Jury Awards $3 Million to Injured Railroad Worker
St. Louis Daily Record
Vol. 294, No. 77
BY ERIN SUESS
A St. Louis City Circuit Court jury awarded $3 million to a 31 year-old injured railroad worker who was hit in the head with a sign, causing him recurring severe headaches.
“He’s pleased that he was vindicated since he was attacked as a fraud, as making this all up, but he’s still sobered by facing a lifetime of severe headaches and depression,” said the worker’s attorney, Jerry Schlicter.
The injury was caused when a 5-pound metal sign hit Greg Haskin on the head as he was climbing into a railroad car at Union Pacific Railroad’s Armordale Yard on March 5, 2001. The sign had come loose three weeks prior to the accident and had not yet been pinned down. The accident left Haskin dazed but not unconscious, and he ended up with a 1-inch laceration on his head.
“There were no objective findings at all, either CAT scans or MRIs or any objective findings, but we presented evidence of intractable headaches he’s had ever since, including 11 doctors treating him, trying every kind of narcotic medication, biofeedback, nerve blocks and then, as a last resort, a frying or burning of an occipital nerve in the back of his head to try to eliminate pain, all to no avail,” explained Schlicter of the resulting trauma.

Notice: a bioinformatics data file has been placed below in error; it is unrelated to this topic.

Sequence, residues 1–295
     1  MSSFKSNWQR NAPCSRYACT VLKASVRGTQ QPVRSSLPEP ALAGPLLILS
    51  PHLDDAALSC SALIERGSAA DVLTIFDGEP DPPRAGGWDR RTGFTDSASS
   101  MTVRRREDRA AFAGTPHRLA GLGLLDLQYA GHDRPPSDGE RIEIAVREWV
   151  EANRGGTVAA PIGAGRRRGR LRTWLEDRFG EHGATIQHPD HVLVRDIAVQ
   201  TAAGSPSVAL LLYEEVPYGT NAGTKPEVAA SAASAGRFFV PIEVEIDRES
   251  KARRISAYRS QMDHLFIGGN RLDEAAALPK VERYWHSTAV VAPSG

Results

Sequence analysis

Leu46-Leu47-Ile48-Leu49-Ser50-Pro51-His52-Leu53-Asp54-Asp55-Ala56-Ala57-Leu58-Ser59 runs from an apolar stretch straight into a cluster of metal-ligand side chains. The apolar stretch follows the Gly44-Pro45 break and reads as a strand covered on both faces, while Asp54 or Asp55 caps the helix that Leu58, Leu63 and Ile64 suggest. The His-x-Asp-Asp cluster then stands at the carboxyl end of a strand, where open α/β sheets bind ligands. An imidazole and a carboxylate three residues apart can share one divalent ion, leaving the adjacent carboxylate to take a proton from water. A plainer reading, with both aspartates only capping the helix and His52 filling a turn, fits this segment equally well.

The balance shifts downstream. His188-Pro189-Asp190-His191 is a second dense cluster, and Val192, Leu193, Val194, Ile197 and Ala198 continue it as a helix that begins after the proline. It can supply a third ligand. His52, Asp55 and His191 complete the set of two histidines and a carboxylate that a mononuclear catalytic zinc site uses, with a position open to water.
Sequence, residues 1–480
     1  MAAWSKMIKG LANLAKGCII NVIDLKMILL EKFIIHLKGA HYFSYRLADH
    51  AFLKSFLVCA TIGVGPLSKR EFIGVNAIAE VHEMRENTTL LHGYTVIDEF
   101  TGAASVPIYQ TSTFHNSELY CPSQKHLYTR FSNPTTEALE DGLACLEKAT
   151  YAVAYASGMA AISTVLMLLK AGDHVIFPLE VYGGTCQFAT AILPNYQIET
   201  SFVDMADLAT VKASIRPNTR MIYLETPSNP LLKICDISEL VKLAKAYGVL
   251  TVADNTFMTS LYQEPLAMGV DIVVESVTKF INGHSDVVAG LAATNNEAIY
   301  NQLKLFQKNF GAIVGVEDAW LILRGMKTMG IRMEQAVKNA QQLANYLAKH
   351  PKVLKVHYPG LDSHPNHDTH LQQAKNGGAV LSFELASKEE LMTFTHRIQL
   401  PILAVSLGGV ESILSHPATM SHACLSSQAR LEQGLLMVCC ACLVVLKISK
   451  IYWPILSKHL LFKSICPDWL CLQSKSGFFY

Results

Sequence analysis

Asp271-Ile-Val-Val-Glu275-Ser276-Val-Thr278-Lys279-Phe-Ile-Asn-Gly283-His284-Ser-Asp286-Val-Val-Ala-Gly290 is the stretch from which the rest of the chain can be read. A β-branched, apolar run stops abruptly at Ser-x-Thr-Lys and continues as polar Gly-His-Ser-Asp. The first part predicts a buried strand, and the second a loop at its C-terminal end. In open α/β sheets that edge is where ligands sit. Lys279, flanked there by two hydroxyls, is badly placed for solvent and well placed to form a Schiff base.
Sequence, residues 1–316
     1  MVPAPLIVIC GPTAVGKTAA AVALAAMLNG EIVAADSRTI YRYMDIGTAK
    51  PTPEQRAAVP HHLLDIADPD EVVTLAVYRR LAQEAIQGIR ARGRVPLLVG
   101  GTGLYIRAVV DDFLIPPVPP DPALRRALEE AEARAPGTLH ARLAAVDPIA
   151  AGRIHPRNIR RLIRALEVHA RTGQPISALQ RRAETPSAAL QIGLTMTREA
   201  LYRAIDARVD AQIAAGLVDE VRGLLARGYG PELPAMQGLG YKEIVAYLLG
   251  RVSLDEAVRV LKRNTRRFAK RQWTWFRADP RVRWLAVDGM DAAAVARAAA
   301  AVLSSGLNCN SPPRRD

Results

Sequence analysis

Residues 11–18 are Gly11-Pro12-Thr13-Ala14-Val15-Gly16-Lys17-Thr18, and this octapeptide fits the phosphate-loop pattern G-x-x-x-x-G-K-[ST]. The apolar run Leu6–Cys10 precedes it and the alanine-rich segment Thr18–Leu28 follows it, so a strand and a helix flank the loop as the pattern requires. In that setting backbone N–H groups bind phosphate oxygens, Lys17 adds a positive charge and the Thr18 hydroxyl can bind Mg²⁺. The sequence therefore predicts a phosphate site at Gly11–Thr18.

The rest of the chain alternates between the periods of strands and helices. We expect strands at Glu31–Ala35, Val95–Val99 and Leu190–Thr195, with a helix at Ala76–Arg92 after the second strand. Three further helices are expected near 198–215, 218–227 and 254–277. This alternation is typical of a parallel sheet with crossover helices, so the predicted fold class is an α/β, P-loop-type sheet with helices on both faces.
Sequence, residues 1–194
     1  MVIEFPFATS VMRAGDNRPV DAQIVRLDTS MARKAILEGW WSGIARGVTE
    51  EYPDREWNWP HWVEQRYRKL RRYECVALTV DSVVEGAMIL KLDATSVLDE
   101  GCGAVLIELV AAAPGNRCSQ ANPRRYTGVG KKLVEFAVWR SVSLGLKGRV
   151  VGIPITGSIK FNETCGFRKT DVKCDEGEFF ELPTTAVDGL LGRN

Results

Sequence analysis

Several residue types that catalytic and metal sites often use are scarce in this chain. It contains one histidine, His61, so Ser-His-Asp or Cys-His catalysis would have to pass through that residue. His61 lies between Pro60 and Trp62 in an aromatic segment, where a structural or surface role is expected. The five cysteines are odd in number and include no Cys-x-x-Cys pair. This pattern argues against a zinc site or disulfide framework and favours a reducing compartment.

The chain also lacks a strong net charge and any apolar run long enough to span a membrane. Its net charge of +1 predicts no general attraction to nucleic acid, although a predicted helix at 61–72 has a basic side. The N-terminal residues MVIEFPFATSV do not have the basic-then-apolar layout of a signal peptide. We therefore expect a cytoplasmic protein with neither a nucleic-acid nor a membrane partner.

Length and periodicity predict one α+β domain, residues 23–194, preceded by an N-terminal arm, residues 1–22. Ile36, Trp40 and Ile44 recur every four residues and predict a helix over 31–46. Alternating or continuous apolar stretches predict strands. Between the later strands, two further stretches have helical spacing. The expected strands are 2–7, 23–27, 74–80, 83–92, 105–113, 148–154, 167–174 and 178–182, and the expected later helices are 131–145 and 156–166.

According to Schlicter, Union Pacific took the position that it was a minor scalp laceration and that it would be willing to pay Haskin “only some token money.”
“This is the first case of any kind that I’ve had in my career in which there was no offer going into the trial, no offer or response to the settlement demand,” said Schlicter. “We tried the case in Judge [Dennis M.] Schaumann’s court, and the jury came back with a verdict of $3 million after a week and a half. We felt that justice prevailed.”
As a result of the various pain medications Haskin was prescribed, he now must take methadone to ease the longterm side effects of other narcotic medications. He is currently under the care of a neurologist, a pain-management center in his hometown of Kansas City and a psychiatrist to treat the depression that came with the end of his railroad career as a conductor. Haskin was a third-generation railroad worker and a local chairman for the United Transportation Union.
Union Pacific attorneys did not return calls seeking comment. Haskin was also represented by attorney Nelson Wolff.